It is not long before I join the crowd on top of Lafayette and find my own little spot to sit down and enjoy the view directly south to Lincoln and beyond. I have to say that this is probably one of my favorite spots in the Whites regardless of the hordes of people who flock here.

 

A short break and then it is time to get down to business as I still need to get to Garfield which is 3.5 miles away. Back down to the junction with Skookumchuck Trail and just before dipping over the ledges and into the woods Garfield is still almost three miles away. The trail from here over is reminiscence of the section between Garfield and Galehead. Rough and up and down with some descent spots in between.

 

The varying terrain doesn't help my hiking time as I slowly make my way across the ridge. Some spots allow me to move along while others put me at a tedious crawl.

 

While crossing these slow sections I start reformulating my plan. It's not just the terrain that concerns me it is all the elevation gain to get back to Skookumchuck that is going to make for an even longer day than I was expecting.

 

At one spot along the trail I get a look back to where I have come from and the spot I need to return to is so far away. Plus Garfield is not looking any closer as I see the summit poking out ahead.

 

There is one spot where I get a good look at Garfield Cliff which rises out of the Pemi creating a formidable obstacle if someone ever bushwhacked up from that direction. Finally after what seems a long time I reach Garfield Pond as I am down to half a liter of water. Another factor that changes my mind on trying to recross this ridge. Heading down to the pond's edge and there is no place to get close enough for some clean water. Along the edges it is stagnant and algae lines the shore.

 

The summit is just a few tenths away now as I head up. To think it would be easy is quickly erased as I run into a vertical wall! As I make the final climb a couple is heading down and we exchange hellos. It is steep and unrelenting as I climb up the boulders knowing I am definitely not returning this way.

 

Just below the summit is an opening out onto a ledge with the same great views minus the crowd. Up at the summit an open shot into the Pemi Wilderness with the Twins and Bonds dominating the scenery.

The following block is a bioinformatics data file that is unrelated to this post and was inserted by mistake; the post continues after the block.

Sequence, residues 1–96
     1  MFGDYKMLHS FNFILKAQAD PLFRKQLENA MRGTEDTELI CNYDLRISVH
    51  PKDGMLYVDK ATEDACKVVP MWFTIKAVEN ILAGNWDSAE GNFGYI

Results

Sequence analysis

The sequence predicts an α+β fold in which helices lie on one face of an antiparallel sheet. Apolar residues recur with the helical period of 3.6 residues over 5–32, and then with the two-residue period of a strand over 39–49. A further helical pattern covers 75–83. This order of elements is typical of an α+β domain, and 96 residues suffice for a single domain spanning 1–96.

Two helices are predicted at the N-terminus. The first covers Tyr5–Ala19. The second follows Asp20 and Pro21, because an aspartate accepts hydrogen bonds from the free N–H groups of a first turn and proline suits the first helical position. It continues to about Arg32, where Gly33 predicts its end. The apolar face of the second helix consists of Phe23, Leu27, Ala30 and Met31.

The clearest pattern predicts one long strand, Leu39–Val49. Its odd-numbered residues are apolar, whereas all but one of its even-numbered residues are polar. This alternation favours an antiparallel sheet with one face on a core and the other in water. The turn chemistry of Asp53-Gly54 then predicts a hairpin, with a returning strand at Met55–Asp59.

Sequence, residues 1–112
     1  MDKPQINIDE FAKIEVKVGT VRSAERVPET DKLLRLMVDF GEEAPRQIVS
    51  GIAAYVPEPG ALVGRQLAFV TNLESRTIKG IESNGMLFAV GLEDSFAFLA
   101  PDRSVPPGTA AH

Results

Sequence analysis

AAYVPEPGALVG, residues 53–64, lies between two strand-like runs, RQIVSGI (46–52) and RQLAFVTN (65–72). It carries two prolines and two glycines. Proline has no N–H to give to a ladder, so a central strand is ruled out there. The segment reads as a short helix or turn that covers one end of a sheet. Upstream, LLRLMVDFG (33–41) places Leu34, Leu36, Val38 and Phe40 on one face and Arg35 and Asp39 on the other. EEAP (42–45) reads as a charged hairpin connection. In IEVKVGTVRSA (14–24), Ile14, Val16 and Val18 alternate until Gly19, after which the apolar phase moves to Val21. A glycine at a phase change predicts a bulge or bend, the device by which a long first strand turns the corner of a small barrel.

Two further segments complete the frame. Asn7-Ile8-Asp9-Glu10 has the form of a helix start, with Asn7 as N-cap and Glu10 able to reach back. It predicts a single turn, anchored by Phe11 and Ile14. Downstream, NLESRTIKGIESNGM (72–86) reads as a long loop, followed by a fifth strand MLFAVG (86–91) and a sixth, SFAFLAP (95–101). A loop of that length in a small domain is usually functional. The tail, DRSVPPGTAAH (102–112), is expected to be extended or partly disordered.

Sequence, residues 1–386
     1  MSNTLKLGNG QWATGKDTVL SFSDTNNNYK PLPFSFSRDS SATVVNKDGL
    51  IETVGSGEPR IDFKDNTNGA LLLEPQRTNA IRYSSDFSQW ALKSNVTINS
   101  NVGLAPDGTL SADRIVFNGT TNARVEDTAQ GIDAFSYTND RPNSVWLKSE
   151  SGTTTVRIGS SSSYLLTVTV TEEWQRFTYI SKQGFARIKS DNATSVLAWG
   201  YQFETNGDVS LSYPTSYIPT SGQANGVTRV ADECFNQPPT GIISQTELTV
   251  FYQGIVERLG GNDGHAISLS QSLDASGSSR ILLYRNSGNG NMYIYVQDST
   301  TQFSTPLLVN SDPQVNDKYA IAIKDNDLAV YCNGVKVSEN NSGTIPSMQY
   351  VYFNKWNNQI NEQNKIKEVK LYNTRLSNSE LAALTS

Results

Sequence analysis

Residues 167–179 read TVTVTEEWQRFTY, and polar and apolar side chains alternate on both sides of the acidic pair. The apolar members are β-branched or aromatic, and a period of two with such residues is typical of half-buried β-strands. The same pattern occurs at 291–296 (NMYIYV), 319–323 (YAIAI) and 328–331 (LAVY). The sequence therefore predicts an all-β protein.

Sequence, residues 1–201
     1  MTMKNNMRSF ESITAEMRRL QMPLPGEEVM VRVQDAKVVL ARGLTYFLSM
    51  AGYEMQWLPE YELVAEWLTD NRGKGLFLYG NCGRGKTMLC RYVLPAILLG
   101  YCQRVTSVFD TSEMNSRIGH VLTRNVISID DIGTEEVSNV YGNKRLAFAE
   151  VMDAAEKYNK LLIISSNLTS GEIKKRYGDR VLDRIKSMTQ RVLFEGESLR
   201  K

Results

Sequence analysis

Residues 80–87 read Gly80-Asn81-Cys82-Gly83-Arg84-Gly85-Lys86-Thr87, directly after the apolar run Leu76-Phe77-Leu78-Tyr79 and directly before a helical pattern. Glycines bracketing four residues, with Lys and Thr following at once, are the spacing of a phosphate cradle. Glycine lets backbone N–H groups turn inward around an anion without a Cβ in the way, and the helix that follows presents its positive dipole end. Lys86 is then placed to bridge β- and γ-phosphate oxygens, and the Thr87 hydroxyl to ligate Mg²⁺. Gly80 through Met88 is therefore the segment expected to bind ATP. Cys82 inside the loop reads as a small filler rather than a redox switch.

A short break and then time for the long trudge down the Garfield Trail. As I am coming down the summit spur to the main trail a guy asks me which way the blue trail is. I look at him quizzically and retort "Blue Trail"? There is no trail by that name here. Then it hits me what he is looking for. All connecting trails to the AT are blazed blue hence the "Blue Trail". I point them in the direction I am heading and tell them to take a left at the very next junction. I pick my way down the Garfield Ridge Trail and reach the junction and decide to wait for the couple in order to make sure they head down the correct trail. When they arrive I point the way down and then recognize them as the couple that I had met when I was coming up from the pond. They had taken the wrong turn off the summit and realized their mistake and turned around when they reached the pond. I asked them if they were heading south once they reached the road and if so would they mind giving me a ride back to the trailhead I was parked at. Without hesitation they said they would and I was saved from thumbing or a long 5.4 mile road walk back. Hiking out at about the same pace we made it out in a little over two hours and then an easy ride back with a huge thank you as they dropped me off. A nagging section of trail is finally done as I only need the piece from Galehead Hut to Guyot to finish the NH portion of the AT. After it's just the short section between Guyot and West Bond to finish the Franconia tab on my redlining spreadsheet.


Final numbers: 13.6 miles, 9 hours 30 minutes.

Redline Miles: 3.5, Total to Date: 1352.0